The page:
'I could just tell by his eyes,' witness testifies in Penn Park shooting

Aimee Ambrose
York Dispatch

The gunman wore a mask as he fired a 9mm handgun across South Pershing Avenue as 17-year-old Malaki Beady walked through Penn Park with two other teens the morning of March 23.

Eight bullets blasted into the park, one striking Beady in the head, killing him around 11 a.m. The other two teens were apparently unscathed, according to police. They had left William Penn Senior High School earlier that day, some time ahead of a planned early dismissal for the school system.

A memorial of candles, balloons, photos and messages of love are displayed for Malaki Beady, 17, at Penn Park in York City, Saturday, March 26, 2022. Beady was shot and killed at the park on Wednesday. Dawn J. Sagert photo

Though the killer wore a ski mask over his face, one of the teens at the scene said he recognized him and helped York City Police investigators come up with a name: Javion Roman.

“I could just tell by his eyes,” the 15-year-old witness told a judge Monday at Roman's preliminary hearing. The York Dispatch is not publishing the teen’s name because he’s a minor.

More:Amid surge in violent crime, York tries to get young people back in school

More:Two dead in apparent murder-suicide: Coroner

More:The future of Mayor Michael Helfrich will soon go before a judge

Roman, 17, of York City, is currently charged with criminal homicide. Additional charges of carrying a firearm without a license, possession of a firearm by a minor and two counts of reckless endangerment were added Monday.

Roman was arrested about two days after the shooting.

Video from security cameras tracked Roman as he left his home in the 200 block of South Newberry Street and walked toward  Penn Park the day Beady was shot, York City Police Sgt. Kyle Hower testified. The detective said one video shows Roman carrying an object, then drops it, picks it back up and runs. But he couldn’t say whether that object was a gun.

Javion Roman

Audio from a camera also recorded the sound of eight gunshots. Video of the shooting, though, was not recorded.

“I have videos of the defendant walking in the area,” Hower said. “We don’t have any of the actual shooting.”

Another video, he said, shows Roman tossing a black sweatshirt in the area of College Avenue, and it was recovered near Codorus Creek. No guns were found, though.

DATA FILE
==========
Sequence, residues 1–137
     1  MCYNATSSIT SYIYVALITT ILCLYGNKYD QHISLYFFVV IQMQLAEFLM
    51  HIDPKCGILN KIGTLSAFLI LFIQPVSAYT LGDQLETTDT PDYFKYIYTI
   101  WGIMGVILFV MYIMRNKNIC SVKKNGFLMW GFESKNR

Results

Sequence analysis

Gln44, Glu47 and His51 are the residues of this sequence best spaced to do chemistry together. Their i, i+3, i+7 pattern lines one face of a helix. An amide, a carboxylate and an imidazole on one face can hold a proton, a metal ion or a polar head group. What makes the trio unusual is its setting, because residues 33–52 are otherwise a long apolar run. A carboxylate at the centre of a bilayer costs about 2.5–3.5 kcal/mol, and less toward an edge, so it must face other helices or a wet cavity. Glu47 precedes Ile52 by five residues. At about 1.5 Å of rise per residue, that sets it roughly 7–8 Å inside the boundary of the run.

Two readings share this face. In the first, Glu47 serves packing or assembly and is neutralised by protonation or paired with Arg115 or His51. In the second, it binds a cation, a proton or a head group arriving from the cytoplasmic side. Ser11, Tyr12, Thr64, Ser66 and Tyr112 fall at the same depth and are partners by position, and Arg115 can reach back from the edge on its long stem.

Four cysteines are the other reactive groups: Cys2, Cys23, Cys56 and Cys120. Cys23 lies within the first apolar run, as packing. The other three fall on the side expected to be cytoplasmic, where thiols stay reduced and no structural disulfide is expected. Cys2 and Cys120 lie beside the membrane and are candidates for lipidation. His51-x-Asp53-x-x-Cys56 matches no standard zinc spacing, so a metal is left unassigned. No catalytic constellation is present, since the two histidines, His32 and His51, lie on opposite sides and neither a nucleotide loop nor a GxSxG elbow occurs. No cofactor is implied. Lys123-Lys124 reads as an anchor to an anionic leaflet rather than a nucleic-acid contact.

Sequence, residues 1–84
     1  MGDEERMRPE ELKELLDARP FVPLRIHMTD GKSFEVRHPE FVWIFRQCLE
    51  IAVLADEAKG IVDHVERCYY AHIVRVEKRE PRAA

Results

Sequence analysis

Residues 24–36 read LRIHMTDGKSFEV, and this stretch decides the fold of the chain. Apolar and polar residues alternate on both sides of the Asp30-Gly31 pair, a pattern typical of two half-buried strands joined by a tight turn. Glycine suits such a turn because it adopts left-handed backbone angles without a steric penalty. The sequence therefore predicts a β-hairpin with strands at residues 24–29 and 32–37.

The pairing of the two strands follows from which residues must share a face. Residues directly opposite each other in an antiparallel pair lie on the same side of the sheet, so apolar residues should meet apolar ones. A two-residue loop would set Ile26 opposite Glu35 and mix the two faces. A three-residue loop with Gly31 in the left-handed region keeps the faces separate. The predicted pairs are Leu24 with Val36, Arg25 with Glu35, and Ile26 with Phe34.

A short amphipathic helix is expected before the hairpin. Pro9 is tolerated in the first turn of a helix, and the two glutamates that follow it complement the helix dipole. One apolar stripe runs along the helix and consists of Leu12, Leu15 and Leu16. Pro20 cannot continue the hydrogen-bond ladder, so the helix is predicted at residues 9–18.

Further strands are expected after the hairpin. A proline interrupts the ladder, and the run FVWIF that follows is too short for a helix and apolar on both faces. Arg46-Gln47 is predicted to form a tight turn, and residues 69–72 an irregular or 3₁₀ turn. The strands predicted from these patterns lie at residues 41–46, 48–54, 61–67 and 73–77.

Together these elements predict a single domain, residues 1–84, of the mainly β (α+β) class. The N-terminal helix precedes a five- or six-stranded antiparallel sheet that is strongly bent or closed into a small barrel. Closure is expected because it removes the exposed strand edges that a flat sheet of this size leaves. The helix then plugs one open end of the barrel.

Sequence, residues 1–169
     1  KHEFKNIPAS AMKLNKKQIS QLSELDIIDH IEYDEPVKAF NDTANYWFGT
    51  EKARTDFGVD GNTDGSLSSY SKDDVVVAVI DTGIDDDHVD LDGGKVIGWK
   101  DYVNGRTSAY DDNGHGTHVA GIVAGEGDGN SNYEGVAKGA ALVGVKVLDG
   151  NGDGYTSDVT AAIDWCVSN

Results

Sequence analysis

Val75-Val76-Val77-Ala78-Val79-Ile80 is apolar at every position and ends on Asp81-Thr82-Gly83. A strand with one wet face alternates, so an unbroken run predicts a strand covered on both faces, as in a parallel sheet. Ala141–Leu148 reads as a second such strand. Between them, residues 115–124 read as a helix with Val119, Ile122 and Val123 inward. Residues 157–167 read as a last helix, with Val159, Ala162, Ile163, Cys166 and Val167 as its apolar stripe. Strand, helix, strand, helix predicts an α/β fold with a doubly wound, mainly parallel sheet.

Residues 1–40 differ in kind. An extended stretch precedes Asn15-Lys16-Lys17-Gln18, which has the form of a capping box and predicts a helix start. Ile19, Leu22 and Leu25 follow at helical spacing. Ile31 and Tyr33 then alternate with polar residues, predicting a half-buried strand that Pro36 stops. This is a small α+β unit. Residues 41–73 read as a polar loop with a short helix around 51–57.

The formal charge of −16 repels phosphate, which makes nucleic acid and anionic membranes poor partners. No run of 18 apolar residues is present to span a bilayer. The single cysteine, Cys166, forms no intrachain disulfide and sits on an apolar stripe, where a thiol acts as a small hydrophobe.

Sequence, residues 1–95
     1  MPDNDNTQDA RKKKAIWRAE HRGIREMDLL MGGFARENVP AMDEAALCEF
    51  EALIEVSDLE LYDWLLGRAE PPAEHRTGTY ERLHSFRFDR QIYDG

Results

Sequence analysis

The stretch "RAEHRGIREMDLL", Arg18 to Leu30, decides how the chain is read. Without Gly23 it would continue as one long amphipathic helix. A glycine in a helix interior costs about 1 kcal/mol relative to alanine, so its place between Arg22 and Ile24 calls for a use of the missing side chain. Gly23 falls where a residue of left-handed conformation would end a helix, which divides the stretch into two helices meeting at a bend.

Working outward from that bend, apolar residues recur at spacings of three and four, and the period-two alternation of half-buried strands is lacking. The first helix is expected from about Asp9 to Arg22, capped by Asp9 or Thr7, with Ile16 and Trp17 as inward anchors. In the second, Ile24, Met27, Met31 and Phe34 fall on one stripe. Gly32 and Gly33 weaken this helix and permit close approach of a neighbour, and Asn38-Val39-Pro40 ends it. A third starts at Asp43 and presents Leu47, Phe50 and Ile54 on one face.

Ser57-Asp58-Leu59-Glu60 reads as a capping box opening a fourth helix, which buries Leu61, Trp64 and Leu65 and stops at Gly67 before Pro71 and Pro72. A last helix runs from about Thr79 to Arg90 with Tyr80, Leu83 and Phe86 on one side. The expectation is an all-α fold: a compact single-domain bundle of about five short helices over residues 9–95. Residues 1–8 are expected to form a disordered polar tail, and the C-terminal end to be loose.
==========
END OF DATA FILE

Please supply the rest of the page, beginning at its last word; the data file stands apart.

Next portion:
Interested in what you're reading? Consider subscribing to The York Dispatch.

Eight 9mm shell casings were picked up in an area across the street from the park, Hower said. He estimated Roman was 20 to 25 feet away from Beady when the teen was shot.

The 15-year-old witness identified Roman as the shooter in court, saying he had seen him before at school. After the shooting, he said he helped police come up with Roman's identity through an Instagram account.

Hower said the account was deleted shortly after the shooting, but detectives were able to preserve it. As evidence, he said the witness identified Roman through an Instagram image, though the account was under a street name.

So far, proving the account was Roman’s is more of an educated guess, Hower said, and investigators are working to secure a search warrant to investigate it further.

More:Robots could soon help brew your coffee at Panera Bread

More:Filing your taxes soon? Here’s how COVID-19 stimulus could affect what you owe

More:What is Joe Paterno's legacy at Penn State? New ESPN film leaves question unanswered

Hower also alleged that when interviewed by police, Roman said he was home sleeping when Beady was shot. Hower also said the boy’s family moved to Virginia shortly after the shooting.

When asked by Roman’s attorney, William Graff Jr., Hower said he wasn’t aware   whether Roman was a victim of bullying. He said Roman hadn’t been to school in a few months.

Graff asked the judge to dismiss the case, arguing investigators had a lot of speculation but insufficient evidence. He said no video shows the shooting, the gun hasn’t been found, and a witness identified Roman only by his eyes.

“I ask you to dismiss the case as it is,” Graff said.

Assistant District Attorney David Maisch disagreed, noting there was a second witness in the case. He also pointed to the video showing Roman’s whereabouts and ditching his sweatshirt, as well as deleting his Instagram account.

Judge Nancy Edie sided with Maisch and ordered the case to move forward into the Common Pleas court system. She set May 25 as the date for Roman’s formal arraignment.

— Aimee Ambrose can be reached at aambrose@yorkdispatch.com or on Twitter at @aimee_TYD.